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The Health and Social Care (Community Health and Standards) Act 2003

20 November 2003

The Health and Social Care (Community Health and Standards) Act 2003 provided for the establishment of NHS foundation trusts (FTs) (a new form of NHS organisation with greater freedoms) and a new independent regulator (later known as Monitor).

The Act faced strong opposition both from unions and from backbench Labour MPs, who argued that the reforms could create a 'two-tier' system of healthcare, and that resources would be channelled to these new organisations at the expense of those in greater need.

The rebellion against the legislation was so strong that the government relied on Scottish MPs (whose constituents would not be affected by the reform due to the devolution of health to the Scottish Parliament) to get the legislation through Parliament.

Foundation hospitals (as they were first known) were intended to 'reflect the spirit of public sector enterprise that [the Labour government's] plans are designed to unleash'.

The Act outlined that NHS foundation trusts would not be subject to direction by the secretary of state. Instead, the new, independent regulator would monitor their performance. NHS foundation trusts were part of the NHS but would have greater financial and management freedoms, including freedoms to:

  • retain surpluses
  • invest in delivery of new services
  • manage and reward their staff flexibly
  • access a wider range of options for capital funding.


Each NHS foundation trust would have a board of governors responsible for representing the interests of the local community, staff and local partner organisations.

In addition to the board of governors, each FT was required to have a board of directors (executive and non-executive) to be responsible for the day-to-day management of the organisation on behalf of the public benefit corporation.

The chief executive was appointed and removed by the non-executive directors, and the chairman and other non-executive directors were appointed or removed by the board of governors.


The Act set out the process for NHS trusts to make applications to become NHS FTs as long as they had the support of the Secretary of State for Health. The power to authorise applications was given to the independent regulator.

In determining whether an applicant could proceed, the regulator would be required to consider the applicant's financial position and any reports of recommendations relating to the applicant issued by the Commission for Healthcare Audit and Inspection (CHAI).

The first 10 foundation trusts were established on 1 April 2004. It was thought at the time that all trusts would become foundation trusts by 2008, though this was not ultimately the case.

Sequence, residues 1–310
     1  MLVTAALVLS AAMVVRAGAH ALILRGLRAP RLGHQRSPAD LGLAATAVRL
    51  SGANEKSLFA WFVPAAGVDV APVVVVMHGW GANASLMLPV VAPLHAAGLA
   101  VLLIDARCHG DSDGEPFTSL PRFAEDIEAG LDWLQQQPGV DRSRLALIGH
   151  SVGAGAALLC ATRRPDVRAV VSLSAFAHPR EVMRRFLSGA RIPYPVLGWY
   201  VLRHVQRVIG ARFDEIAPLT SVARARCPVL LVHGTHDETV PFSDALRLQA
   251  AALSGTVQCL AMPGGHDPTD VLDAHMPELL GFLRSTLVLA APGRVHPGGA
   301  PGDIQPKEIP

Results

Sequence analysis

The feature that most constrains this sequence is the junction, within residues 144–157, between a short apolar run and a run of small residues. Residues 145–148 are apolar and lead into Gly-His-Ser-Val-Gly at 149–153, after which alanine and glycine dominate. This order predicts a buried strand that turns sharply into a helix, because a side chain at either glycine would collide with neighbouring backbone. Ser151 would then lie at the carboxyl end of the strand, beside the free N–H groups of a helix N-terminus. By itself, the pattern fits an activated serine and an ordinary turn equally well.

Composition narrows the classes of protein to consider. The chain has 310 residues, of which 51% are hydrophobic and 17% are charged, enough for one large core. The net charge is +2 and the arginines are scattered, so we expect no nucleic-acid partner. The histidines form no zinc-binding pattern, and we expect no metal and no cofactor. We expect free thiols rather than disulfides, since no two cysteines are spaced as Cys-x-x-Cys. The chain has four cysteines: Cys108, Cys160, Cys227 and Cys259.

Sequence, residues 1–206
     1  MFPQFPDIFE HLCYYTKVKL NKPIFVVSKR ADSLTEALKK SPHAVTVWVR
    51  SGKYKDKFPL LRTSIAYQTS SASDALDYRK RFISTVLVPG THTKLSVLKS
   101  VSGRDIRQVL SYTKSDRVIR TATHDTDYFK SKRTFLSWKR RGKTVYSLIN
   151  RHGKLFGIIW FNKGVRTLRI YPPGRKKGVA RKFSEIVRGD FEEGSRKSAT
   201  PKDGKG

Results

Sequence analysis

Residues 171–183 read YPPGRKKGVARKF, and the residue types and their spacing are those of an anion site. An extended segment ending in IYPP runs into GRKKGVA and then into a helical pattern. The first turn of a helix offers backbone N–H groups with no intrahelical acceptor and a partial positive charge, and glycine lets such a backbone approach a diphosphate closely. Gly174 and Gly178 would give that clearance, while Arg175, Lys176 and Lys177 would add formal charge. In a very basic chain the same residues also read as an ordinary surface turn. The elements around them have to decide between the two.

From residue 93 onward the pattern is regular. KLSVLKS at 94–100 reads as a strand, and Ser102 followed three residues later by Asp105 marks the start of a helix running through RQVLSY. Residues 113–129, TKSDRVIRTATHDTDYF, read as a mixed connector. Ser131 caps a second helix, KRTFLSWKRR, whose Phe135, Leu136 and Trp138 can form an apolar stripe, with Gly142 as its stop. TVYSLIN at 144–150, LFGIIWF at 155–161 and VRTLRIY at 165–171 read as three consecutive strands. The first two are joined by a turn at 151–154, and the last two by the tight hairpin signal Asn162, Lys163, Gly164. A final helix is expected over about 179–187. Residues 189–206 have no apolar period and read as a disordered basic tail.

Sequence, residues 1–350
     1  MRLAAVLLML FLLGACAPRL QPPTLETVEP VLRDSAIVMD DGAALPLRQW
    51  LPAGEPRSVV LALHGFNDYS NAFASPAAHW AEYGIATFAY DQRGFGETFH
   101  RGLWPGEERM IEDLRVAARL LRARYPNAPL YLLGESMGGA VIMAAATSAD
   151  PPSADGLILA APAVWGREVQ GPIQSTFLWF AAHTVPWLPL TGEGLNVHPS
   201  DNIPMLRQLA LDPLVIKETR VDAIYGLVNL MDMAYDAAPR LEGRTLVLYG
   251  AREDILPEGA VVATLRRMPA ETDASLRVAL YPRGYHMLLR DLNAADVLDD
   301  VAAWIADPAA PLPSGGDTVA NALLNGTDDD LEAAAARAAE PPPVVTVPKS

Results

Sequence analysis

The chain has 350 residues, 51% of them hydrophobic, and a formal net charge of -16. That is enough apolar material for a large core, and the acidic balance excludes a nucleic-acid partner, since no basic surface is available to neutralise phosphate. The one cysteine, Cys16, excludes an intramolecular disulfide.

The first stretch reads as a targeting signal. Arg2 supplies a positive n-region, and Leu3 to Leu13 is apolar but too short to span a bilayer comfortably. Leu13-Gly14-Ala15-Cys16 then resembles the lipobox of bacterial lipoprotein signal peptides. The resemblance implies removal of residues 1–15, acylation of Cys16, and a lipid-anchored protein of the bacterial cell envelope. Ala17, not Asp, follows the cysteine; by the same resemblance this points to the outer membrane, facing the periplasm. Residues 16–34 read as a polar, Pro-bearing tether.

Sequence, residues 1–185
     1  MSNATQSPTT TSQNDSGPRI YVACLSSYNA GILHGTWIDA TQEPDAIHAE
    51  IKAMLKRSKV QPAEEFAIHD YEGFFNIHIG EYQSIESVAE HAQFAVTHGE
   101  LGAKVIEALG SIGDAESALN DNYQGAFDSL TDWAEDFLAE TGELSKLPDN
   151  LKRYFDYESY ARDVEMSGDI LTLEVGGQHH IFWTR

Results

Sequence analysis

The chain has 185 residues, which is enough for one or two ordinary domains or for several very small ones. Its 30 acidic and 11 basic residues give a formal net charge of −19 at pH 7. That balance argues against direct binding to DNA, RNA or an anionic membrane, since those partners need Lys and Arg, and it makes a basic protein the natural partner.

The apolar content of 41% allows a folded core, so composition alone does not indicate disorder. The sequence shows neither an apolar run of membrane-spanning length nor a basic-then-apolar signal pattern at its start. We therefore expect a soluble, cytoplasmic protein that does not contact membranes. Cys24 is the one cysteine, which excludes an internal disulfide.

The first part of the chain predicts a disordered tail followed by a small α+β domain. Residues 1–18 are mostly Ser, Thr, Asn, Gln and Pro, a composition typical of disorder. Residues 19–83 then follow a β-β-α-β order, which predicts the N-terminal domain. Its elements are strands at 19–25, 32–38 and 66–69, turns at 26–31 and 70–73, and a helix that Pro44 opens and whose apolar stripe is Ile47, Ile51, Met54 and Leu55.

New inspectorates

The 2003 Act also provided for the establishment of the new Commission of Healthcare Audit and Inspection (CHAI) and the new Commission for Social Care Inspection (CSCI). Both inspectorates were established as independent, non-departmental bodies.

CHAI took over the responsibilities of the national care standards and the Commission for Health Improvement and was responsible for:

  • inspecting all NHS healthcare providers, with the ability to recommend special measures were taken
  • registering and inspecting private healthcare provision
  • conducting NHS value-for-money studies
  • validating and publishing performance assessment information and statistics on the NHS, including waiting list information.

CHAI was ultimately abolished in 2009 and its functions were transferred to the Care Quality Commission.

The Act placed a duty on the CSCI to encourage improvement in the provision of local authority social services in England with a focus on:

  • availability
  • access
  • quality
  • effectiveness
  • management
  • economy
  • efficiency and safeguarding children.

CSCI was also required to consider the provision of information to the public and to undertake an annual review of social services provided by every local authority.

The Act imposed a duty of quality on all NHS bodies (whether commissioners or providers). It provided for the standards to be taken into account by NHS bodies – in discharging the quality duty, and by CHAI – in reviewing the provision of health care.



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The West Lothian question.
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Vote raises devolution issue.
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Department of Health.
Departmental Report 2004.
Department of Health; 2004.